Why Pitchfork's Paris Music Festival Felt So ... Brooklyn

The tastemaking music website's French festlast weekend was less about drawing on the city's artistic legacy than it was about tapping into the global music scene Pitchfork helped build.

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There was a fun irony watching Justin Vernon headline the inaugural Pitchfork Music Festival in Paris last year. On paper, it made perfect sense: The Wisconsin native, whose French moniker still goes mispronounced across the US, finally played to a crowd who finally got it right.

But rest of the festival for both years I attended—including its second sold-out edition this past weekend—didn't feel like quite as perfect a fit between location and event. It's not the the festival was bad, just that it's the kind of thing that gets you wondering aloud. Why Europe? Why now? Why France of all places for this highly influential media brand to launch its first international event? Those are questions I found myself asking a number of artists and colleagues, and the answer inevitably came with a raised Heineken under the sponsor's tent: Why not?

The 15-year-old New York-based website with Midwestern roots has been in expansion mode ever since launching its first festival in Chicago six years ago. There have been the international collaborations with All Tomorrow's Parties and Primavera, new ventures in #Offline and the recently postponed FORMS video-game festival in New York, and an entire Pitchfork.tv channel that launched in April 2011. But how an online arbiter expands is one thing. How underground culture scales is another. Is the site stretching its brand over new territory with each spin-off effort, or simply monetizing an already existing online community that's entirely divorced from geography? Despite the gorgeous 19th century venue that's played host for the last two years, the answer this past weekend was clear: Pitchfork Paris is a lot more Pitchfork than Paris.

Certainly, nothing about the three-day experience seemed particularly foreign to a foreigner, despite a few more European acts from the previous year. Entering the historic Grande Halle at the Parc de la Villette as the sun was setting over three crisp days was a distinctly continental experience. Yet most of the other signifiers were pure Brooklyn. There was no ignoring the number of fixies locked outside, nor the artisanal food booths that replaced the strange New York-style hot dog vendors from last year.

In the program for the first Paris festival, Pitchfork founder Ryan Schreiber noted how it was only in 2005 that the publication began to move offline and interact with the readers and artists it covers. "But we have been eager to do more," he wrote in the palm-sized booklet. "We want to add to what the city already has to offer." And when he says "add," he means just that: import, rather than integrate beyond the vendors or production staff—or a passing documentary postcard from local auteur Vincent Moon—to achieve some sort of cultural synthesis. Calling any Best New Music recipient on the bill (save maybe Death Grips) an heir to Impressionism in this city would be generous. And there's not much Gallic romanticism in the international indie complex of instantly commodified hype and promotional leverage.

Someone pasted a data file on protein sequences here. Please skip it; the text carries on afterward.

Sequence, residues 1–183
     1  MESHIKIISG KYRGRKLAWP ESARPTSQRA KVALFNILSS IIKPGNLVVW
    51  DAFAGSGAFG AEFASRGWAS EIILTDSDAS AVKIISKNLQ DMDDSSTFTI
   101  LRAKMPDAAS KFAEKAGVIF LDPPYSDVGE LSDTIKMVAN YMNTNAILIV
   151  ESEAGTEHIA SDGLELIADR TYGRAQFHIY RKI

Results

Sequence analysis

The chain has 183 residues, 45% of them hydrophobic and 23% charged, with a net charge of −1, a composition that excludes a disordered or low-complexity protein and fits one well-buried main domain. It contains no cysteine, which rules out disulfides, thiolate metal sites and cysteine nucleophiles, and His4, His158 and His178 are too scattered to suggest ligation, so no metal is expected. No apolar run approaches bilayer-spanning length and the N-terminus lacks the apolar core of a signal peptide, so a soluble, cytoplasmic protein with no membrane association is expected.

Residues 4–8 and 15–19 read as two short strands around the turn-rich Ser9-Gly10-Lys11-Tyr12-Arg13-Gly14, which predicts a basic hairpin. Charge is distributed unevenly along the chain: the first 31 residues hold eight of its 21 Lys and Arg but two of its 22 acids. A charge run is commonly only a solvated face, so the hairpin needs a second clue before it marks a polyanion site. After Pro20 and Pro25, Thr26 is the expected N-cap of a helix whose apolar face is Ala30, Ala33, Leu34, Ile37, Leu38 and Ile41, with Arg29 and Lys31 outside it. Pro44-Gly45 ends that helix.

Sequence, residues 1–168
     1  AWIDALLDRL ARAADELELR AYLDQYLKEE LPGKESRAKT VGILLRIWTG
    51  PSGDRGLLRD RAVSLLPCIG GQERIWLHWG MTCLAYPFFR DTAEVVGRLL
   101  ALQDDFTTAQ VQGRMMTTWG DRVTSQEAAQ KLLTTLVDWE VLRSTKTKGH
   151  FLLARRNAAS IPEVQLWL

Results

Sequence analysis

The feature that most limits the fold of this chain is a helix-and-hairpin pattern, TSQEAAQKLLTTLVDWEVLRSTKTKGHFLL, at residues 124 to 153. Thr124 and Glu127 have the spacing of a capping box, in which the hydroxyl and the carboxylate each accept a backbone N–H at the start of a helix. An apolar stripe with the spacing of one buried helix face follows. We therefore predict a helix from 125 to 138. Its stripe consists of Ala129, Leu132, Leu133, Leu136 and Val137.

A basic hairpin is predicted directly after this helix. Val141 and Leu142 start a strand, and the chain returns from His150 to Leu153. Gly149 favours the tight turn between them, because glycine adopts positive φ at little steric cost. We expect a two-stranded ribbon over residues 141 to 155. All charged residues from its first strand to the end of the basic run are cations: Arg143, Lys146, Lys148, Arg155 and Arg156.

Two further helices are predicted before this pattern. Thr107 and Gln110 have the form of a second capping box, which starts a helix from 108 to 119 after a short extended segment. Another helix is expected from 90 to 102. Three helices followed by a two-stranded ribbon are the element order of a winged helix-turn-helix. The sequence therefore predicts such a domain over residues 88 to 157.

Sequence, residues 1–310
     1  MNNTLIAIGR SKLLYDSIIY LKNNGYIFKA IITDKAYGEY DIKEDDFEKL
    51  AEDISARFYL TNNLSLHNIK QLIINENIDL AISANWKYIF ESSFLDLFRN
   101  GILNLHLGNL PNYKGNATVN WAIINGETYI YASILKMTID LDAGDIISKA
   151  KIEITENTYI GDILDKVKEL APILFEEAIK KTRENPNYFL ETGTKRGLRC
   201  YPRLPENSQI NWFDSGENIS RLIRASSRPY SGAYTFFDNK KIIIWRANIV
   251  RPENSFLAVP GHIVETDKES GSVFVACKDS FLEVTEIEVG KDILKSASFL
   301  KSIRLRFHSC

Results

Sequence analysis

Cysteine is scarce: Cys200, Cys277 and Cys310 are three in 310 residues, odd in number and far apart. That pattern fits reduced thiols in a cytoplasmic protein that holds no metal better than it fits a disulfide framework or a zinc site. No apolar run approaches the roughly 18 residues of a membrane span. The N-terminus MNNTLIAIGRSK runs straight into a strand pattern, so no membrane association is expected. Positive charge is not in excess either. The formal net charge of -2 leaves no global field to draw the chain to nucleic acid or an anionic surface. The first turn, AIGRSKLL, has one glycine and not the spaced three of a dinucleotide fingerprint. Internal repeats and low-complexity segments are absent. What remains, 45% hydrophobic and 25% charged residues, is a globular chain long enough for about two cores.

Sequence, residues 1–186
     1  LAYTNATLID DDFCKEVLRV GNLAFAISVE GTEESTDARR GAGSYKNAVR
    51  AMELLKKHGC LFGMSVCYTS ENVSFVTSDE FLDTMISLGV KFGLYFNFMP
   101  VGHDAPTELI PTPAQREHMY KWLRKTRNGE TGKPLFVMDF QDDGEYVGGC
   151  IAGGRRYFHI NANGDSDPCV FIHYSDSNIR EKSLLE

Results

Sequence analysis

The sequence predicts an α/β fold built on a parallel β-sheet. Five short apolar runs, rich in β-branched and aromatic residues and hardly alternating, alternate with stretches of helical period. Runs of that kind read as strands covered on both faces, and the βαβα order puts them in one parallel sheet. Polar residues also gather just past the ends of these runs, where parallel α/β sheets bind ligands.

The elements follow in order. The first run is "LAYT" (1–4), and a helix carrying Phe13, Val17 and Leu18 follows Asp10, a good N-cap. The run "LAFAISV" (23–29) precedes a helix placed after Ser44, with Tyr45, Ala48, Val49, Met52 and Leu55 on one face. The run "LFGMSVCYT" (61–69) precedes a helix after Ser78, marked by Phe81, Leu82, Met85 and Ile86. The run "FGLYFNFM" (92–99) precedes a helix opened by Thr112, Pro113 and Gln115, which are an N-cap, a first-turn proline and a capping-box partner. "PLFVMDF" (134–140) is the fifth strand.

Besides, culturally, Paris has become something of a stultified-but-significant Manhattan compared to the outer boroughs of the rest of the continent. For every seminal French act like Gainsbourg or Daft Punk, there's a band like Phoenix that spent over a decade trying to sound like the Strokes to please North American sensibilities. Nor is the cost of Parisian living commensurate to the DIY arts as well as, say, Berlin these days. Mention real estate here and you're not talking about the band. So I imagine Pitchfork's choice to visit Paris was, well, the same as for lots of people: to indulge the love affair between France and New York that popular culture has been perpetuating for decades.

Of course, location doesn't matter so much when the publication is distributed online and the regional newspapers where influential arts critics used to reside are on the decline. Last weekend, the sold out crowd spread across 220,000 square feet went nuts to M83 on opening night. They were reverent enough for Kristian Matsson, The Tallest Man on Earth, who stood with an acoustic guitar bathed in a single light barking his Dylan yelp for more than 40 minutes. They even made Grizzly Bear feel like Saturday's de facto headliner despite DJ sets that dissolved into the early morning. Yet standing in that international sea for three days, surrounded by broken English and Strand bags, I couldn't help feeling like I was everywhere and nowhere at once.

I remember standing in Chicago's West Loop and thinking Pitchfork had achieved some sort of coup in 2006. The site's first curated event was bigger than any block party and boasted Tortoise as a headliner. It wasn't so much what the festival represented—the homegrown success of an already culturally significant, if niche, community—that was so overwhelming, but rather the way Pitchfork managed to make itself more important by celebrating the fact. Soon, it was challenging Lollapalooza across town and grabbing regular, if dismissive, mentions in legacy media.

Events like the Pitchfork Music Festival in Paris are attempting to duplicate that success. But the feeling is no longer that of an overthrow or a coming-out party. It's of a kingdom planting its flag in a land it conquered long ago.